+9

Why is the difference in result

Among the tests there is such a question. def f(q, my list =[]): mylist = mylist + q return mylist a = [1] print(f(a)) a = [2] print(f(a)) >>>[1] [2] If we change the code, then the result changes: def f(q, my list =[]): mylist += q return mylist a = [1] print(f(a)) a = [2] print(f(a)) >>>[1] [1, 2] and now what doesn't fit in my head: def f(q, my list =[]): print(mylist) mylist = mylist + q return mylist a = [1] f(a) a = [2] f(a) >>>[] [] And here is another result, and I don't understand this. After all, print goes on the first line and the result should be the same: def f(q, my list =[]): print(mylist) mylist += q return mylist a = [1] f(a) a = [2] f(a) >>>[] [1] Is this something that just needs to be taken as an axiom, or is there some kind of explanation?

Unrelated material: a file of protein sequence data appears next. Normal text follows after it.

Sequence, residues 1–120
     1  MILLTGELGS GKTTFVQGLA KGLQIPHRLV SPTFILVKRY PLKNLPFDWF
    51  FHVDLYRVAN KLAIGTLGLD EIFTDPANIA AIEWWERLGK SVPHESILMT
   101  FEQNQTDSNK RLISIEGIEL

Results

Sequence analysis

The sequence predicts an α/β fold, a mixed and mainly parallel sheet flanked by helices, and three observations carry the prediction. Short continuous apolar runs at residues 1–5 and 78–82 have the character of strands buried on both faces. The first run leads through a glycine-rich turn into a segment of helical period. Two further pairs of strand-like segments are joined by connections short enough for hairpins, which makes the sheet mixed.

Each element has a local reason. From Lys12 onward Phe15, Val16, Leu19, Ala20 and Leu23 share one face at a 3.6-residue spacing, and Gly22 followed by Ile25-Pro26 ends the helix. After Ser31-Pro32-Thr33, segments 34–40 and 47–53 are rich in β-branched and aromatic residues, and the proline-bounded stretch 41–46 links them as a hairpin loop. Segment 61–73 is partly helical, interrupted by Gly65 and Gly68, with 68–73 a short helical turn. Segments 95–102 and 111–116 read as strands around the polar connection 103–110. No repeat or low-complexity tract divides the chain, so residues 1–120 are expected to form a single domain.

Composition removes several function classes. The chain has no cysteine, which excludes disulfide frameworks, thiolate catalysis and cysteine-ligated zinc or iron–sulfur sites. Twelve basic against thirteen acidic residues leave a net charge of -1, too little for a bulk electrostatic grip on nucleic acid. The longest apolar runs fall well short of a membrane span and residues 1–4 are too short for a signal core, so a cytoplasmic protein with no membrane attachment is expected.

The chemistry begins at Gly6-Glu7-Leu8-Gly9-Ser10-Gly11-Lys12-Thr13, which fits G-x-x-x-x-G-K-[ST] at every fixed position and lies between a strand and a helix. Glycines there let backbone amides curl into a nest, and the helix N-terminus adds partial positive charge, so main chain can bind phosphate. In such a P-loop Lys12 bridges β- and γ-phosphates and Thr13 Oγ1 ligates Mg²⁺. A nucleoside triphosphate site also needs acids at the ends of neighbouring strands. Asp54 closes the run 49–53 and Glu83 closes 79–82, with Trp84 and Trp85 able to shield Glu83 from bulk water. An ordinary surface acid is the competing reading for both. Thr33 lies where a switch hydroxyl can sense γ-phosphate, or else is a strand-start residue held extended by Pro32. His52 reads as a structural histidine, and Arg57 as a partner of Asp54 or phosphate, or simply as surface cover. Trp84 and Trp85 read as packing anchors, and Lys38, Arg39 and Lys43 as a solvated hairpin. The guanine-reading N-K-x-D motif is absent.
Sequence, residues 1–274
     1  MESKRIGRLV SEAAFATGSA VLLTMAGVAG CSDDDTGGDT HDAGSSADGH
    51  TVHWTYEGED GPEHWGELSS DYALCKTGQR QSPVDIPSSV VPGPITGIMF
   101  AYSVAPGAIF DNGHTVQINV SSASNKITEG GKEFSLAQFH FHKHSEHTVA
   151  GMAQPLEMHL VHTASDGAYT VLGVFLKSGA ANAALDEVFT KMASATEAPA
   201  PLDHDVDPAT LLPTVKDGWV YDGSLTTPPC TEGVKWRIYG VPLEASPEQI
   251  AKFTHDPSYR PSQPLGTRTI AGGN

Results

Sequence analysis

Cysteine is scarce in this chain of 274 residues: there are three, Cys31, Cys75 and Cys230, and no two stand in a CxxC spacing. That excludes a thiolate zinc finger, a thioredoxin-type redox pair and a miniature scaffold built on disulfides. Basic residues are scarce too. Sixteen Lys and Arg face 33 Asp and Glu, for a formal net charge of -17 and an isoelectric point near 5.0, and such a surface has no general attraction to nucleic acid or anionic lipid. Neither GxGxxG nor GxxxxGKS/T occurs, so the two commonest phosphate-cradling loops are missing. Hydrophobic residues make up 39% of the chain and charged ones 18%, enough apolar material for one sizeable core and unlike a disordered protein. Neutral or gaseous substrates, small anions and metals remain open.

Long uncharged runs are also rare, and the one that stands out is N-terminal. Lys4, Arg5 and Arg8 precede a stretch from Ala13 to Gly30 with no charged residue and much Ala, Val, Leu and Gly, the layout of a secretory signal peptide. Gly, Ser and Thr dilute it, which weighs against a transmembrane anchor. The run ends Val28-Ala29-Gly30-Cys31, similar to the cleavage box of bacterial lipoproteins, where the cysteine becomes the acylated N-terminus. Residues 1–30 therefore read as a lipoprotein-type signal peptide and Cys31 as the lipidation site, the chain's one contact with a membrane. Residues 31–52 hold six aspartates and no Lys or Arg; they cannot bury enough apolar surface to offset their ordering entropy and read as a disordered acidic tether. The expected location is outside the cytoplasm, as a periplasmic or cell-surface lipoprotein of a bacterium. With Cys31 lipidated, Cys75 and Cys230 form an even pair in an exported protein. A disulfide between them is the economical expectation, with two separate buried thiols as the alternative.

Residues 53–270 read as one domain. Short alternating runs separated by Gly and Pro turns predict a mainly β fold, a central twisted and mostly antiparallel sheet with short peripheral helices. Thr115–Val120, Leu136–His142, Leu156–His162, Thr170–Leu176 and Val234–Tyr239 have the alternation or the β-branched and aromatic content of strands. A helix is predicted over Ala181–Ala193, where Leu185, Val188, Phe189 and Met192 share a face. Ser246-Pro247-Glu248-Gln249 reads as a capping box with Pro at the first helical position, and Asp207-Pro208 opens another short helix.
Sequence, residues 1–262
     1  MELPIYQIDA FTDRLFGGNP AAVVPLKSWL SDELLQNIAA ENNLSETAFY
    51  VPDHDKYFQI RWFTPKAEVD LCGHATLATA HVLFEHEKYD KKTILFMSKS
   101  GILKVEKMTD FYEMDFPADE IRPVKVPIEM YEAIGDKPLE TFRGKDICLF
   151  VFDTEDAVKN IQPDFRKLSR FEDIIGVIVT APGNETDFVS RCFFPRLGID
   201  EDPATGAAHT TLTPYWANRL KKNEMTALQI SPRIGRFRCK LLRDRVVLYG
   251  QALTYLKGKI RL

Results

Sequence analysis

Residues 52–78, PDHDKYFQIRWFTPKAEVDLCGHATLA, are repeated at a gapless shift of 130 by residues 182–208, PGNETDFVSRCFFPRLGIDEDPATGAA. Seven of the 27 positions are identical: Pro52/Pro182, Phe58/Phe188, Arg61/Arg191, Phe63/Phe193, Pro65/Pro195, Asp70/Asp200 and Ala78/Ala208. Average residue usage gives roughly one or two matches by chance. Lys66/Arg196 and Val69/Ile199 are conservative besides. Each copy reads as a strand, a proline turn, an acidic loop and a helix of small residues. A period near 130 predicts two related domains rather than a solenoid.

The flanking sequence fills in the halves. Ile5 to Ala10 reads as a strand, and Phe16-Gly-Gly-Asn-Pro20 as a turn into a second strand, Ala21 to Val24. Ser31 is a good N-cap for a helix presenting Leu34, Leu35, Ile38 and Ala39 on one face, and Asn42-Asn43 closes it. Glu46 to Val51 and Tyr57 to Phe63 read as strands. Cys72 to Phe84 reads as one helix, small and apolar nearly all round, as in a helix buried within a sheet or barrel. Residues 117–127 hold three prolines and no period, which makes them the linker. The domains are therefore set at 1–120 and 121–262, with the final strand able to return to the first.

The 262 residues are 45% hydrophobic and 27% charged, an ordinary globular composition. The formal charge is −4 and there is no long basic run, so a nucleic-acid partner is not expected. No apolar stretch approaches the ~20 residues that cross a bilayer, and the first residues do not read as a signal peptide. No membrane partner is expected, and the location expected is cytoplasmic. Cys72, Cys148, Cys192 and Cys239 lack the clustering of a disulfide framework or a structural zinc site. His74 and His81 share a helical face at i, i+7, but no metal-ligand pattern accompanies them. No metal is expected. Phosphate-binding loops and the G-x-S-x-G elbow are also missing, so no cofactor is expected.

9/12/2019 3:57:07 AM

Mikhail Gorchanyuk

2 Answers

New Answer

+5

It has to do with object instances. In the quiz question you are pointing to a new object when you reassign the default parameter. In your first modification, you are modifying the same object as the default parameter so the reference is preserved and the same operation is done.

+3